The local angst over the Summit Carbon Solutions pipeline project issue is now heading up to the state level. Residents have voiced their opinion at the city and county levels in Hancock, Cerro Gordo, and in Worth Counties. Each of the meetings have been tense as farmers are unrelenting about giving up their family farmland to a pipeline project which will transport carbon through 20 plus counties from ethanol plants to bedrock in the Dakotas.
Opponents of proposed carbon pipelines have staged what they’re calling a public hearing in the Iowa Capitol rotunda. Shelby County Supervisor Steve Kenkle says there’s been little public input and county officials lack the authority to have any say about the projects.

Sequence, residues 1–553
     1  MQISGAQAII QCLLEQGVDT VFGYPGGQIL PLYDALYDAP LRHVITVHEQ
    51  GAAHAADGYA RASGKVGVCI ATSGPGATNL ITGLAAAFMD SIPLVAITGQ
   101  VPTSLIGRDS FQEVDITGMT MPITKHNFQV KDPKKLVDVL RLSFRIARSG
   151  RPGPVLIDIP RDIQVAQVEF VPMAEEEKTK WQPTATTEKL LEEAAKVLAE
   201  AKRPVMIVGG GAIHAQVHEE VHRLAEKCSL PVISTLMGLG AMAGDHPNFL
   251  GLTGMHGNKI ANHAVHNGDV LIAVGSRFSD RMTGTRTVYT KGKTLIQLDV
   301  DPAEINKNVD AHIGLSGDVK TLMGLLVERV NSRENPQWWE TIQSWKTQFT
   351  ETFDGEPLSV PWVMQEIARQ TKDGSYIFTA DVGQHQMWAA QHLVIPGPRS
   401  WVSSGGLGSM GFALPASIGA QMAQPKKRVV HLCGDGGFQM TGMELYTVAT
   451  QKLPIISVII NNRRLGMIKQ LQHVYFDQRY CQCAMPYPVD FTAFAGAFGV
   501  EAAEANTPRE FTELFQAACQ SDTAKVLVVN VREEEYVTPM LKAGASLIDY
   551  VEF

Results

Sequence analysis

Kenkel lives on a century farm near Earling, about a mile from the proposed route for the Summit pipeline. Some of the other speakers were landowners who don’t want to sell easements on their property so the pipelines can pass through. They oppose letting the Iowa Utilities Board invoke eminent domain authority so property can be seized for the projects. Carolyn Raffensperger, executive director of the Science and Environmental Health Network, also addressed the crowd.
A small group of union members attended the rally with the counter message that good-paying jobs are connected to pipeline construction.